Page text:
de Simone Scaffidi y Gianpaolo Contestabile desde Punto Rojo
March 8 is a key date for the feminist movement in different parts of the world. In Guatemala, in addition to the demands against machista violence and to expand reproductive rights, there is also the demand for justice for the 56 adolescents and girls of the massacre at Hogar Seguro. “On March 8, 2017, the State of Guatemala is going to commit a violent and feminicidal act against 56 girls who were seeking to escape from the Hogar Seguro Virgen de la Asunción, where they were enduring abuse and demanding rights to recreation, food and education” explains Lorena Cabnal, defender of the Red de Sanadoras Ancestrales del Feminismo Comunitario Territorial (Network of Ancestral Healers of Territorial Community Feminism).
Hogar Seguro is a care center for children and adolescents who are victims of violence, harassment and child abuse located in the municipality of San José Pinula, near Guatemala City. Even before March 8, the institute, which is run by the Social Secretariat of the Presidency of the State under the executive branch of government, had been the subject of complaints and court rulings. According to the report of the United Nations High Commissioner’s Office, the infrastructure and conditions were inadequate for its purpose of protecting and sheltering minors: the home was overcrowded, there was a shortage of toilet paper, toothbrushes, clothes, and shoes. There were lice, scabies and other contagious diseases, as well as gastrointestinal problems due to food spoilage caused by power outages. The staff was not adequately trained and the coexistence of children with such diverse problems (situations of poverty and abandonment, survivors of physical and sexual abuse) had alarmed the United Nations Special Rapporteur on the possible sale of children, the exploitation of child prostitution and the use of girls in child pornography.
In addition to structural failures, there are dozens of complaints of overcrowding, lack of resources, poor supervision and control, violence, abuse, human trafficking and sexual exploitation. In 2016, 55 children and adolescents disappeared from Hogar Seguro. In the same year, the Human Rights Ombudsman’s Office filed a complaint with the Public Prosecutor’s Office due to suspicions that there was a human trafficking and sexual exploitation network operating inside the structure. Some of the girls and adolescents who were burned to death on March 8 had filed complaints of violence and physical abuse some months before the massacre.
According to the investigation of the Public Ministry, on March 7, 2017, in the Hogar Seguro Virgen de la Asunción, some girls from the “Mi Hogar” sector started a riot to denounce inadequate living conditions and mistreatment. They had climbed on the roof inviting children from the “San Gabriel” section to join the rebellion. For reasons still unknown, the Hogar Seguro authorities opened the doors of the institute and about 100 internees left the premises. Before nightfall, most of the escapees had been captured by the National Police and taken back to the Hogar Seguro, confirming the United Nations’ view that it was a detention center rather than a home suitable for the protection of minors. To avoid new rebellions, they were locked up with padlocks separating the boys from the girls. The female inmates were placed in the narrowest space. 56 girls and adolescents spent the night in a 20 x 10-feet classroom with no water or toilets and only one door. The following day the situation had reached a critical level of insalubrity, urine was coming out of the classroom door and the detainees, some of whom were apparently pregnant, had to share the few mattresses available: without pillows or sheets and with their clothes still dirty and wet from the day of the escape, as some of them had tried to cross a river to escape from the municipality.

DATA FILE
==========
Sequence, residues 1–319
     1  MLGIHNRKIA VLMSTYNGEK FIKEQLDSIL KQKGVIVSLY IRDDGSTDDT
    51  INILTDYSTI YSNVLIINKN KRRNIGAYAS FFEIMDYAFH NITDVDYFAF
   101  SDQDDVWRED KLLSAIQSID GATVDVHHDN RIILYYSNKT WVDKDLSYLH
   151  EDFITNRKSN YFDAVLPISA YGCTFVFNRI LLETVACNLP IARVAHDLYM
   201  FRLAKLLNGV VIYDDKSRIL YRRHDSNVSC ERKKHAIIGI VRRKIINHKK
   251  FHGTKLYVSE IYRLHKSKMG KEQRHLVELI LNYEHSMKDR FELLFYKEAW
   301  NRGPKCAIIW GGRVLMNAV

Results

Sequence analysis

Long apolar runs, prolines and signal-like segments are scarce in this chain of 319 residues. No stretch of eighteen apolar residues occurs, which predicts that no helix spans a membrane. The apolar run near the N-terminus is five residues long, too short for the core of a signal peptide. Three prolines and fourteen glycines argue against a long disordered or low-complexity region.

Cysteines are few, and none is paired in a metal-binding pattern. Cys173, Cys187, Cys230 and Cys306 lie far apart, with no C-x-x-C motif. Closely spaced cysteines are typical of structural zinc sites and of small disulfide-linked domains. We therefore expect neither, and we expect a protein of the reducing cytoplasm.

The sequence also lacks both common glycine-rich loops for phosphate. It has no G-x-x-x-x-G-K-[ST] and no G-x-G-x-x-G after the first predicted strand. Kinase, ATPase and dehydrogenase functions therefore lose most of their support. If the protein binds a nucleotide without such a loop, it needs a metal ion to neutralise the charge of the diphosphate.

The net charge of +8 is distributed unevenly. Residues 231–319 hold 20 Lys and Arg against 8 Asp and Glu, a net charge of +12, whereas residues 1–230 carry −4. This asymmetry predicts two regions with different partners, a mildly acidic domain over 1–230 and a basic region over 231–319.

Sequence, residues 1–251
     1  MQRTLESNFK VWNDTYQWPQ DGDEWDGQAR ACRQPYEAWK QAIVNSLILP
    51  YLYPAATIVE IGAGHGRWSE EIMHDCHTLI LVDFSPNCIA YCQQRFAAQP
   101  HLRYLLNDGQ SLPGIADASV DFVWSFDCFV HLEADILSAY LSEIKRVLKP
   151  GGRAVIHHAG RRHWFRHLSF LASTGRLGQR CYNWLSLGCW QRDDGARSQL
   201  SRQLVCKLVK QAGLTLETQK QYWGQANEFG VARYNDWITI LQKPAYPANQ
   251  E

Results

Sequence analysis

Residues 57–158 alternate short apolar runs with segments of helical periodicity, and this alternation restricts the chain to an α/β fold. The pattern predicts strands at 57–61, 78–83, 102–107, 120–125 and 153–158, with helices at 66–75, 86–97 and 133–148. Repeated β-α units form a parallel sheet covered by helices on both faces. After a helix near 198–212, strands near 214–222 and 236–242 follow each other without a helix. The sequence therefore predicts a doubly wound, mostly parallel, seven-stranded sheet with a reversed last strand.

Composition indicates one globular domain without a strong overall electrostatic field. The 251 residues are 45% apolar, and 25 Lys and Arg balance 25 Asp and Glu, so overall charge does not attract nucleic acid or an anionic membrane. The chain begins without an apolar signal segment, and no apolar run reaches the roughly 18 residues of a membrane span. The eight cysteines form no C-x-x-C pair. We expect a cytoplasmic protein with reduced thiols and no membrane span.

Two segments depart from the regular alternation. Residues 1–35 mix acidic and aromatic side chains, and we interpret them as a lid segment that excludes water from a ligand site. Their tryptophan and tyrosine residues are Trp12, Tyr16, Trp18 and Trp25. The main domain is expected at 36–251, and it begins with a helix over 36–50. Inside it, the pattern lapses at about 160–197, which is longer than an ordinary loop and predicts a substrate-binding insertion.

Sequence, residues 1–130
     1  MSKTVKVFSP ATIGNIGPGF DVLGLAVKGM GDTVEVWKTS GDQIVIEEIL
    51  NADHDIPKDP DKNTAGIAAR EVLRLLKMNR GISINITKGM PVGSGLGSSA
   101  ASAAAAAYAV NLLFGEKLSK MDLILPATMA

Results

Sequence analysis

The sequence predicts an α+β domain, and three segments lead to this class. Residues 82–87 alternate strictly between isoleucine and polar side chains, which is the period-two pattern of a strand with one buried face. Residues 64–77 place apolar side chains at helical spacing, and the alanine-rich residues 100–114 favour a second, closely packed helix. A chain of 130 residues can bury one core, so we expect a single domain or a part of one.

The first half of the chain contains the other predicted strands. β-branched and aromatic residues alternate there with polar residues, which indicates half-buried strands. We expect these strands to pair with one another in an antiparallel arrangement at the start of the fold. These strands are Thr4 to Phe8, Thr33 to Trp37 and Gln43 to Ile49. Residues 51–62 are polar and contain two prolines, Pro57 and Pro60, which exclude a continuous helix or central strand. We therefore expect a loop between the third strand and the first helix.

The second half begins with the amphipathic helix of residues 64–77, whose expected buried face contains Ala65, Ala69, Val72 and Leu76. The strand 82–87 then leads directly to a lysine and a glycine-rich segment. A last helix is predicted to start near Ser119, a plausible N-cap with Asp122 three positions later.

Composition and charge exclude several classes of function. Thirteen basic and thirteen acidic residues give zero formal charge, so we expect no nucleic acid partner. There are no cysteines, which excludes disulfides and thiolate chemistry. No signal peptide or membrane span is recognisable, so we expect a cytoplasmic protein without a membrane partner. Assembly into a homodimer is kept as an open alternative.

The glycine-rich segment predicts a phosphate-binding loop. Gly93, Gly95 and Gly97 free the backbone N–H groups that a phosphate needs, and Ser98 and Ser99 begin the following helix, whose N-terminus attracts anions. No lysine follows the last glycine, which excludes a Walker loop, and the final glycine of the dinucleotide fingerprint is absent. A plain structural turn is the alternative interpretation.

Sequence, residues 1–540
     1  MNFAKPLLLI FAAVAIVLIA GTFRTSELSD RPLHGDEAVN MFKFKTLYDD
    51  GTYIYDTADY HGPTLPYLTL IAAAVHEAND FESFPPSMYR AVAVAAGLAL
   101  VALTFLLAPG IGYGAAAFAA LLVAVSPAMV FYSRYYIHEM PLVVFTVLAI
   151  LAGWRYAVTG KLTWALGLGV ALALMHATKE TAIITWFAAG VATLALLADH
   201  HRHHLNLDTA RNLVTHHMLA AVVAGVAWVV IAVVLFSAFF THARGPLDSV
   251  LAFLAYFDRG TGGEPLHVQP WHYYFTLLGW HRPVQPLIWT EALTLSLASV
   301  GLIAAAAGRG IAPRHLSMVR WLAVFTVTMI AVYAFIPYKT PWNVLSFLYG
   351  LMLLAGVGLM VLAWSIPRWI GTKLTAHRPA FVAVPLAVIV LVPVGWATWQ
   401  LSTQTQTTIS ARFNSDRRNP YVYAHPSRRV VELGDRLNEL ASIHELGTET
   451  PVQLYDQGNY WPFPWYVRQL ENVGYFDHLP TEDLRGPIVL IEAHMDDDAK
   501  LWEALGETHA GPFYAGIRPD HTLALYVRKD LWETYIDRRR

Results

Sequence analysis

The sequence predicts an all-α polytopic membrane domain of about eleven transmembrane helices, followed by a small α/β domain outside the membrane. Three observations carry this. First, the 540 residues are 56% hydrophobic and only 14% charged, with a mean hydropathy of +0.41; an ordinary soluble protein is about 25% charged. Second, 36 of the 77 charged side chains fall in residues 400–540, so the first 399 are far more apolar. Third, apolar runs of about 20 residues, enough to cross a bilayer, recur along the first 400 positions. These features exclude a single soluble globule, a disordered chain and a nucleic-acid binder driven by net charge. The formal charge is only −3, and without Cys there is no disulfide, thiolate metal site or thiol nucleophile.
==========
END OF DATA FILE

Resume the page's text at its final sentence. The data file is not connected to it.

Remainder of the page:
In this context of rage and desperation, the protests began again. A testimony recorded by the Prosecutor’s Office describes how “the girls shouted, that they were dirty, that they were cold, that they wanted to bathe and change […] they began to shout and break the windows”. To capture the attention of the authorities and ask for help, apparently one of the detainees set fire to a sponge mat to generate smoke and the fire spread. “We started shouting and hitting the door to get out of there”, says one of the survivors in her testimony reported by the United Nations and denounces: “we asked for help, but they did not pay attention to us”. It took nine minutes before the padlock, whose key was in the custody of the National Police sub-inspector, was opened and more than 40 minutes before the firefighters received permission to enter the Hogar Seguro. 41 girls died from asphyxiation by smoke, burned by the flames or poisoned by the fumes. Of those who survived, 15, suffered amputations, facial disfigurements, long-lasting injuries, severe psychological trauma and disabling conditions.
Among the 56 girls and adolescents detained on March 8, 16 were in the Hogar Seguro for “running away from home”, 12 for “rebellion”, five for “abandonment”, another five for needing “shelter and protection”, four for “drug use”, three for “sexual violence”, three for “social risk”, three for “unknown reasons”, two for “family problems”, one for “abuse”, one for being in conflict with the law and one because she was an orphan.